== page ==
In the May 2016, the Vanderbilt Law Review, with the generous support of the Branstetter Litigation & Dispute Resolution Program and the Program in Law & Government, hosted a paper symposium entitled, “Erwin Chemerinsky’s Case Against the Supreme Court.” In his book, The Case Against the Supreme Court, Dean Chemerinsky challenges a fundamental justification for judicial review—the notion that the judiciary is better than the legislature at protecting rights—and instead argues that the Supreme Court has consistently failed to protect controversial rights across the board. Dean Chemerinsky’s book criticizing the Court’s performance in protecting controversial rights thus served as a launching point for the symposium. The following seven articles by distinguished authors provide thoughtful, experienced reflections on the normative role of the Court in the twenty-first century.
Suzanna Sherry, Introduction: Is the Supreme Court Failing at Its Job, or Are We Failing at Ours?, 69 Vand. L. Rev. 909 (2016).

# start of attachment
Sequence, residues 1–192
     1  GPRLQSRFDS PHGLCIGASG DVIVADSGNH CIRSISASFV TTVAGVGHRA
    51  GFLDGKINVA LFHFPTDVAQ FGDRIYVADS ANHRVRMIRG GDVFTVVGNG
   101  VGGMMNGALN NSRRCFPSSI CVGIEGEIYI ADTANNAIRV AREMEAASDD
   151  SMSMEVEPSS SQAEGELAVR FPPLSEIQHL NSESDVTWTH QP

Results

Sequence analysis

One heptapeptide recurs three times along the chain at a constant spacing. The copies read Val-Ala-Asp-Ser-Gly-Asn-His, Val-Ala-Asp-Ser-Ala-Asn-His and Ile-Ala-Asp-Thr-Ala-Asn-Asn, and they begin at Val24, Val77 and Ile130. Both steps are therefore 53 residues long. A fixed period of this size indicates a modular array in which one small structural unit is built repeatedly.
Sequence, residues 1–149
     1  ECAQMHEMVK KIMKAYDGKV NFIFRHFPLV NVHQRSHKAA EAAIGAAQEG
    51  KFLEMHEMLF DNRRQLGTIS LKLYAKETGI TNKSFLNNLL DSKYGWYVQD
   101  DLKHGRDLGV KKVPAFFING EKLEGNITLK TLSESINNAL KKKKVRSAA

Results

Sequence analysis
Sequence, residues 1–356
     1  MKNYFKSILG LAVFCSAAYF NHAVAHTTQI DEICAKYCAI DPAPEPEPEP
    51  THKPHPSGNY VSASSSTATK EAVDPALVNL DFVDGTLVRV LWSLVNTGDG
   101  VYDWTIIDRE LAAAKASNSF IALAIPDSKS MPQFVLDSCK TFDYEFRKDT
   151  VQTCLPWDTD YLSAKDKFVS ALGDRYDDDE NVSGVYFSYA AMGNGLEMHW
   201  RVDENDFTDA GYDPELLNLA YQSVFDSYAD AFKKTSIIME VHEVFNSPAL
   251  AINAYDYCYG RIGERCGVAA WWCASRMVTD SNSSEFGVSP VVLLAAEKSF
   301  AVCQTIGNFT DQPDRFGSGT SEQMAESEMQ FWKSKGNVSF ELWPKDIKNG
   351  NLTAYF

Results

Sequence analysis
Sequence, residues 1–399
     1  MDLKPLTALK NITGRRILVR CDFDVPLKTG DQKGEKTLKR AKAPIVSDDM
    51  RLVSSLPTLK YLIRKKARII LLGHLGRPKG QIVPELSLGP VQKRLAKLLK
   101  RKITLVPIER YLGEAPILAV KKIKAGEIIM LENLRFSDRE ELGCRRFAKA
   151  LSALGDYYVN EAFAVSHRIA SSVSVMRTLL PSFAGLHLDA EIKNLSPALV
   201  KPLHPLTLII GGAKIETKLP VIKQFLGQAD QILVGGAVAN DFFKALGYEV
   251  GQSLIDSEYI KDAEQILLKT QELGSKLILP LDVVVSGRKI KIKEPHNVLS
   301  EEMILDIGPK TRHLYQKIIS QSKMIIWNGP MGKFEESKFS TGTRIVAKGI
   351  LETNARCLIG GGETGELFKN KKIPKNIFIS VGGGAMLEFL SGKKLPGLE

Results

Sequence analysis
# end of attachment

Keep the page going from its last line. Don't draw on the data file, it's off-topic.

Erwin Chemerinsky, Thinking About the Supreme Court’s Successes and Failures, 69 Vand. L. Rev. 919 (2016).
Neal Devins, Rethinking Judicial Minimalism: Abortion Politics, Party Polarization, and the Consequences of Returning the Constitution to Elected Government, 69 Vand. L. Rev. 935 (2016).
Brian T. Fitzpatrick, A Tribute to Justice Scalia: Why Bad Cases Make Bad Methodology, 69 Vand. L. Rev. 991 (2016).
Barry Friedman, Letter To Supreme Court (Erwin Chemerinsky is Mad. Why You Should Care.), 69 Vand. L. Rev. 995 (2016).
Corinna Barrett Lain, Three Supreme Court “Failures” and a Story of Supreme Court Success, 69 Vand. L. Rev. 1019 (2016).